The story of his conversion is repeated twice in the Acts by Saul, or Paul as he is by then called, first, in defense of himself before the mob in Jerusalem (22:3-16) and, second, in his testimony before Festus and King Agrippa in Caesarea (26:4-18). All three accounts vary as to details. Paul includes certain things in what he says to Festus and Agrippa that he leaves out when he speaks to the mob. But there are no contradictions in either of the subsequent accounts. However, there seems to be a contradiction at one point between them and the first account. They say that those with Saul saw the light but heard no voice (22:9; 26:14); the first account states that the men journeying with Saul did indeed hear a voice (9:7), but it does not say whether they saw the light or not. At least, if they did, the light did not blind them, for they led Saul into the city. This seeming discrepancy is minor, and perhaps is no discrepancy at all. Paul in his personal account probably meant that they did not hear what the heavenly voice was saying to him, and Luke in the first account may mean by the word voice that these companions heard no more than a loud noise.

There was already a Christian community in Damascus when Saul got there. In it no doubt were the converts from Jerusalem he had come to apprehend. That is why Ananias, their leader, was hesitant to go to Saul to help him. But God told him to go, and away he went. He called Saul "brother,"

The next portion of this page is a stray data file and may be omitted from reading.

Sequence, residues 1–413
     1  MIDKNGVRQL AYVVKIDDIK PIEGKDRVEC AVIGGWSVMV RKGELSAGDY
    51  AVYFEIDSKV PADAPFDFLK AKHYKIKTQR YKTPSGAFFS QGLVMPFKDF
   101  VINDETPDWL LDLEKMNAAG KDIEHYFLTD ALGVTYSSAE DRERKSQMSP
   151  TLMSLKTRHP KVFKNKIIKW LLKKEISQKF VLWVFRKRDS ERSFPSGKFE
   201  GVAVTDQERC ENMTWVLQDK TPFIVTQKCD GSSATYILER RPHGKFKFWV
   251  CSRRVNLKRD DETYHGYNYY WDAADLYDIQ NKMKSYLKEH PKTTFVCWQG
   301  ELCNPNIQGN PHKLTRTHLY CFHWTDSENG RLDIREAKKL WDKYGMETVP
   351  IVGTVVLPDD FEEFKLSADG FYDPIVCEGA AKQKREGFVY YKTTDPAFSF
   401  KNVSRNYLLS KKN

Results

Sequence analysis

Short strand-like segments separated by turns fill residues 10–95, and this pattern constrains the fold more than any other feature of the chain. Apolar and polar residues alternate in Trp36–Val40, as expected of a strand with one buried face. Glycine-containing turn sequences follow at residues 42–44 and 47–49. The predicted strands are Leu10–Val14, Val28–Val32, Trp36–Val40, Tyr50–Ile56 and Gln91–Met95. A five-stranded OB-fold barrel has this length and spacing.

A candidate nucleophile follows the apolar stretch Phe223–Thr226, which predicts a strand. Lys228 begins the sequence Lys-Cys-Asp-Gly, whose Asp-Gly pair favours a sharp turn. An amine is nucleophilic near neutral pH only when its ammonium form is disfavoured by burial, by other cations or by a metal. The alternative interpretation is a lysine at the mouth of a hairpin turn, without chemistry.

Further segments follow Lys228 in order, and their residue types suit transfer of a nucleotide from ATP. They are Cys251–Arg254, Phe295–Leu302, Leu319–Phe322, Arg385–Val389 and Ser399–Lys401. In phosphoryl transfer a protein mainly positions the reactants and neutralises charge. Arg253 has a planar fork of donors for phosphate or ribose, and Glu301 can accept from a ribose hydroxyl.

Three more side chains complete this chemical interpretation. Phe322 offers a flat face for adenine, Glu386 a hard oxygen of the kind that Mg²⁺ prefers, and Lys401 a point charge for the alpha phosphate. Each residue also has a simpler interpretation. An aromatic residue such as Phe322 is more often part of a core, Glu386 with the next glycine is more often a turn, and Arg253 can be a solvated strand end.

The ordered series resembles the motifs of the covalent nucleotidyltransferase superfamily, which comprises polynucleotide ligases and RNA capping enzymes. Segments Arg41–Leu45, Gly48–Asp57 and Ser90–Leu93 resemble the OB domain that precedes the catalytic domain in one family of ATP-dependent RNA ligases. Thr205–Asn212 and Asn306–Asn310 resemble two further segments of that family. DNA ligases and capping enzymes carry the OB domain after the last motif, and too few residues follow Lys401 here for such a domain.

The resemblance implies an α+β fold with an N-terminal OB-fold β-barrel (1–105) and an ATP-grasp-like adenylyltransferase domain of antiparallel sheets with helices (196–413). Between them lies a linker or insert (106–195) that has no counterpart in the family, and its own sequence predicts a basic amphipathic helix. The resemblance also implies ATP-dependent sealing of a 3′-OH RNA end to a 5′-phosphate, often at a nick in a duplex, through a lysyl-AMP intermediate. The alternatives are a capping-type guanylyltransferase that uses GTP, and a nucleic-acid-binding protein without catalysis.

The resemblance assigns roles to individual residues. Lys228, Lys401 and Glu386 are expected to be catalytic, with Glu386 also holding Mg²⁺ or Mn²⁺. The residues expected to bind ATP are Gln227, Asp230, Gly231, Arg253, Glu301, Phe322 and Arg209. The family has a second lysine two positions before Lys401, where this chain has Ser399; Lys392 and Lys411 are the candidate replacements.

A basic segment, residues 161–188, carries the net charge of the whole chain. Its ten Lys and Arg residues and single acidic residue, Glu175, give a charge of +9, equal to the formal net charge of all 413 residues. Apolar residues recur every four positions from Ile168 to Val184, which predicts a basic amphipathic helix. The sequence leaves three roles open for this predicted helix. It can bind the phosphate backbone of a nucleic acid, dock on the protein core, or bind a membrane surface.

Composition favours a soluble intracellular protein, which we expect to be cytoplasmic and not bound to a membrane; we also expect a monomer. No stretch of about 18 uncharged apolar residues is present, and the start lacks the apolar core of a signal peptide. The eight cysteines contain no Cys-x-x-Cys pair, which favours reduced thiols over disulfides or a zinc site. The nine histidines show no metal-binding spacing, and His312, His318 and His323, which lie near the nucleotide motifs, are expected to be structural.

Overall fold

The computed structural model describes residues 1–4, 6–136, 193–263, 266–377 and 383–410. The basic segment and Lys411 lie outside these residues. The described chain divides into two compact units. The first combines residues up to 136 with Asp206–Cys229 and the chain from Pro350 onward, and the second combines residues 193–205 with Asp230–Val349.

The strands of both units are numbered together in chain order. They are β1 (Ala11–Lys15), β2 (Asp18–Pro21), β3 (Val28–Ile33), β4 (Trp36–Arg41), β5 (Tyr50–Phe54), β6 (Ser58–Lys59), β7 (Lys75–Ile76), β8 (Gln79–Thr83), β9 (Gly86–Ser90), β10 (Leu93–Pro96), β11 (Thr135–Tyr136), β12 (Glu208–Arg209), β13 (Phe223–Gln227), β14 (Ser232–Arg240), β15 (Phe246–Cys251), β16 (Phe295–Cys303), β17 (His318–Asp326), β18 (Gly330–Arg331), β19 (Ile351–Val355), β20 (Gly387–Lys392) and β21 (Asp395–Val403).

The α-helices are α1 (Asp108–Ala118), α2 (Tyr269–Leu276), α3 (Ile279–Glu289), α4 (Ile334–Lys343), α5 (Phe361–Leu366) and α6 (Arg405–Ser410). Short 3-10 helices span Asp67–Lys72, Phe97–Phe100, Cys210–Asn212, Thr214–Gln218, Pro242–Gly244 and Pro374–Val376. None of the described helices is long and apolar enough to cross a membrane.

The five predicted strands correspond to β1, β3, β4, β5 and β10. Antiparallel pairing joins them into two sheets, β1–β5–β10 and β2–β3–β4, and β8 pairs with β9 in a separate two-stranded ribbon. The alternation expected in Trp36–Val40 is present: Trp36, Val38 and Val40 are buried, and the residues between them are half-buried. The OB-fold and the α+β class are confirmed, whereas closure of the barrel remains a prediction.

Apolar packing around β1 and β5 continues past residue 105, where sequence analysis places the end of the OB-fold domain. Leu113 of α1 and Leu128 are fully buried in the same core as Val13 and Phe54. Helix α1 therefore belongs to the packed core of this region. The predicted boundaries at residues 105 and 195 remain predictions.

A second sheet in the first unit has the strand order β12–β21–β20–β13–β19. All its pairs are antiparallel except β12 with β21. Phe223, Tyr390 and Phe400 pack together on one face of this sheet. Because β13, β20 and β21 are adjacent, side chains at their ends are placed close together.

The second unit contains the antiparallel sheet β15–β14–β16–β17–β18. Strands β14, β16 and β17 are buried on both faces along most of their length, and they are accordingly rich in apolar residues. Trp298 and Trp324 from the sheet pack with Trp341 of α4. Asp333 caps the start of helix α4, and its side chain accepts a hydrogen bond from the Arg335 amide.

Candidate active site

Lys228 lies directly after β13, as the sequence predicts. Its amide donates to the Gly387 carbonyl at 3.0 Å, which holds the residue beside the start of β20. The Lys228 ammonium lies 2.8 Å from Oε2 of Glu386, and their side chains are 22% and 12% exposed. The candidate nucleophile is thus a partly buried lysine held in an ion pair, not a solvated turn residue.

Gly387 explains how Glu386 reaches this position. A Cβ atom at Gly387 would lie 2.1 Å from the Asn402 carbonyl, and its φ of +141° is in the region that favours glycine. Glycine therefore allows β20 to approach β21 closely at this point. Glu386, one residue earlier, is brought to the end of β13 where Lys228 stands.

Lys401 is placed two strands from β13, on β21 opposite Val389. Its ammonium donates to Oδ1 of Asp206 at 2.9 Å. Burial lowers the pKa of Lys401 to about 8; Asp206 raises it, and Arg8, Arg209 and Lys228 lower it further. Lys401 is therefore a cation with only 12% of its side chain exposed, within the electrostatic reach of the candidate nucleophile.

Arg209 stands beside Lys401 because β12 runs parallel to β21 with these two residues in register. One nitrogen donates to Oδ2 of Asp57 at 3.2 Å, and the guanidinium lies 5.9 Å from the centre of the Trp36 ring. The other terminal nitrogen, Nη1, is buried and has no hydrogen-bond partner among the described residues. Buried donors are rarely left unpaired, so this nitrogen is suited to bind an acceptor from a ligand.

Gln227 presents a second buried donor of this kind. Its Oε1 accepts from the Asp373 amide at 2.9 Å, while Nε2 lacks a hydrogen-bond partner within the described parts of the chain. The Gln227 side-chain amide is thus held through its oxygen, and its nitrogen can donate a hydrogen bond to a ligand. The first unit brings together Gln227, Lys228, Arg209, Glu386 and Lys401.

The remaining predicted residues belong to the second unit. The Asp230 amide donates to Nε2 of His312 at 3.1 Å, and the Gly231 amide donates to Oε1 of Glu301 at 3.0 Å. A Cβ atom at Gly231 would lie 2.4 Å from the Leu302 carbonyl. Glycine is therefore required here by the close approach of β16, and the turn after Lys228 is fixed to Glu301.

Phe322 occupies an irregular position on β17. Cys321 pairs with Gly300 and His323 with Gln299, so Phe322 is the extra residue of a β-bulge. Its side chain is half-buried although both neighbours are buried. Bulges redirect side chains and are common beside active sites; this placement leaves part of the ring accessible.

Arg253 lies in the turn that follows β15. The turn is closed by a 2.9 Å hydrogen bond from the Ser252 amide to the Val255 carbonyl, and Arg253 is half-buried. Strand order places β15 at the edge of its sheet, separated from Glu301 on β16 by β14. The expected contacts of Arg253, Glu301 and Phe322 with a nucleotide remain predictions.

he said that the same Jesus whom Saul encountered on the road to Damascus had sent him, and he put his hands on Saul's head. Immediately Saul was relieved of his blindness. He accepted baptism at the hands of Ananias and was made a part of the Christian community.

Though Luke does not tell us this in the Acts, Paul says that he went into Arabia, no doubt to be alone with God and meditate on his experience and seek guidance (Gal. 1:17). He returned to Damascus and by his testimony upset the Jews in the city. They planned to kill him, but his friends enabled him to escape at night by letting him down in a basket from the top of the city's wall. Then, he went to Jerusalem for the first time since his conversion.

That was three years after his conversion (Gal. 1:18) Even so, the followers of Jesus in Jerusalem still feared him, remembering how he had persecuted them. They doubted his sincerity, thought his claim to be a Christian was only a pretense, and believed he was really a spy planted by the Jewish authorities in their community.